Looking Back at the 11 Most: Texas' Historic Courthouses

Posted on: July 5th, 2011 by National Trust for Historic Preservation

Editor’s Note: This is the third installment in a seven-part series that will explore the history of the National Trust for Historic Preservation’s annual list of America’s 11 Most Endangered Historic Places.

Written by Jonathan H. Poston

Donley Courthouse After Restoration in 2003. (Photo: Texas Historic Commission)

Back in 1989, as a local preservationist (and lawyer) I engaged in an effort in Charleston, South Carolina to convince the County to restore our dilapidated, historic courthouse. It took a decade of struggle before an agreement was finally reached to restore the building to its 1792 appearance and build an appropriate adjacent judicial center.  While involved in this process, I was awed by learning about the dilemma faced by Texas with its own historic courthouses at the 1994 National Preservation Conference in Fort Worth. Blessed with 225 historic edifices out of its 252 county courthouses, preservationists in Texas were already keenly aware of the danger of losing many of these staggeringly beautiful stone and brick buildings. Their towers, cupolas, and domes - dating from the 1850s onward - had been built as emblems of democracy and commerce in towns throughout the vast state.  A 1993 electrical fire that gutted the Hill County Courthouse had created a sense of dread among Texas’ local leaders about the potential for other such disasters in their own county seats.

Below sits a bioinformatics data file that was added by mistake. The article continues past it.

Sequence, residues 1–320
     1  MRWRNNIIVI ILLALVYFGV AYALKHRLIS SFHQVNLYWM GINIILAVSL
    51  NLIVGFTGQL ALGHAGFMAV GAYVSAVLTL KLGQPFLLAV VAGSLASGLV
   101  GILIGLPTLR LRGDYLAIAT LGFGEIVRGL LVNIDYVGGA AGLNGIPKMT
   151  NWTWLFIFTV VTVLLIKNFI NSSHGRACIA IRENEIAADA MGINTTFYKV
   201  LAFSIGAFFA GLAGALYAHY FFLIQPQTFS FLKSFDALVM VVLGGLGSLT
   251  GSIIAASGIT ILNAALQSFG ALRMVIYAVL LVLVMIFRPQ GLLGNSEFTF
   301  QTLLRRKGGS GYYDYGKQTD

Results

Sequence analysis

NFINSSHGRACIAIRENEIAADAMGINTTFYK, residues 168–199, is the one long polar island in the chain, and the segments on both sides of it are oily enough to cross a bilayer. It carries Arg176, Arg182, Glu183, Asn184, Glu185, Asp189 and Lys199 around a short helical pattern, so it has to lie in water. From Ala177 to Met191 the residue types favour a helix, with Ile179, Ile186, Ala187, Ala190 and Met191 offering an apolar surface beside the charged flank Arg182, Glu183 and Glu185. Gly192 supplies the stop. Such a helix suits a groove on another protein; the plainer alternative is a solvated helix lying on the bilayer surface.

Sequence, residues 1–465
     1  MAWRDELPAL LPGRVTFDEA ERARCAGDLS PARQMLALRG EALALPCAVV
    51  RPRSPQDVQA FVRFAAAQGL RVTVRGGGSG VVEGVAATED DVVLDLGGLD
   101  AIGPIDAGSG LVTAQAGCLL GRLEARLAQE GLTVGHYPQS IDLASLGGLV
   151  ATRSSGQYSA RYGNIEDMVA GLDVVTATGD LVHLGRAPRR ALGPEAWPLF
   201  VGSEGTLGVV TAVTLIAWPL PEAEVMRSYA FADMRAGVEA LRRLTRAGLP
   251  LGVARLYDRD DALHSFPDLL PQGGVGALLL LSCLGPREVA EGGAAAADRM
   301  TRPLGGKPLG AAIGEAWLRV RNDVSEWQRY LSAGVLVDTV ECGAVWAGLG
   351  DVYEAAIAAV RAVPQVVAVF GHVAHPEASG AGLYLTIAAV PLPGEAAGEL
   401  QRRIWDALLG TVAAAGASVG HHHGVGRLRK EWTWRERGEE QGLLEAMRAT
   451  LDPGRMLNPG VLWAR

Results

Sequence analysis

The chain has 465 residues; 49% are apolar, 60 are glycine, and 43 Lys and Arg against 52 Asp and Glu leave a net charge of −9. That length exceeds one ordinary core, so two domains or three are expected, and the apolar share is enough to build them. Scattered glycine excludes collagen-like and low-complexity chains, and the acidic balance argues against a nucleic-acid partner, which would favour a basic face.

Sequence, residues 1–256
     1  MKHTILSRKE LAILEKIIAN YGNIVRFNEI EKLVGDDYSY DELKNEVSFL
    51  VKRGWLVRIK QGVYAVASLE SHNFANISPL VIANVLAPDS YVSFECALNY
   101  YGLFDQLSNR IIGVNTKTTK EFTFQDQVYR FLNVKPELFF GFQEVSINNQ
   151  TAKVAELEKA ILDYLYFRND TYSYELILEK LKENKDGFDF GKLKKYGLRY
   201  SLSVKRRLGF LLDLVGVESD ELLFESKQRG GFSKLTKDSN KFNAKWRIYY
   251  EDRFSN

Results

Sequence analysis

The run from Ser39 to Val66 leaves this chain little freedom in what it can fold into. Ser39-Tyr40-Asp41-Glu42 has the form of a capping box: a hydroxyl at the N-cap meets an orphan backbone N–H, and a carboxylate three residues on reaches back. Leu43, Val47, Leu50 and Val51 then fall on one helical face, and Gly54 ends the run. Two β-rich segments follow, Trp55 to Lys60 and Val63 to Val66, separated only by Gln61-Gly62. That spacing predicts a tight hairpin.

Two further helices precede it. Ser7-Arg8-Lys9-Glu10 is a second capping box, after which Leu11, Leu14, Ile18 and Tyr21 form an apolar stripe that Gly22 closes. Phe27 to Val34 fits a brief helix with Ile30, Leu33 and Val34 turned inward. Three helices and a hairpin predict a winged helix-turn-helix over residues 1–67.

In 1998, the National Trust named Texas’ 225 historic courthouses to its 11 Most Endangered List. In perhaps one of the swiftest actions by government after such a nomination, then Governor George W. Bush announced the Texas Courthouse Preservation Initiative in June 1998. As a program strongly supported from the outset by the Governor and then Texas First Lady Laura Bush, $50 million was allocated in the first biennium and additional allocations followed thereafter.

Ellis Courthouse Courtroom before restoration. (Photo: Texas Historical Commission)

By 2011, the Texas legislature had invested $227 million in these courthouses and counties had matched the grants with $150 million. The results speak for themselves: 55 buildings have been fully funded for restoration, five partial restoration grants have been awarded, 13 counties have received grants to complete plans and specifications and eight emergency construction grants have been awarded.  The economic impacts resulting from this effort are compelling: 8,761 jobs created, $240,912,802 income generated and $38,961,819 in state and local taxes generated.   These projects resulted in major rejuvenations of historic commercial buildings surrounding courthouse squares throughout the Lone Star State.

The National Trust and its Southwest Office, in collaboration with the Texas Historical Commission (THC) and Preservation Texas, played a major role in the early years of the Courthouse Program by developing the Smart Start Preservation Services Fund with a grant from the Meadows Foundation of Dallas. From 1999 to 2004, more than 20 counties received planning grants to complete initial preservation studies of their courthouses.  This effort was indicative of the Southwest Office’s determination to play a role in the successful outcome of the Courthouse Program.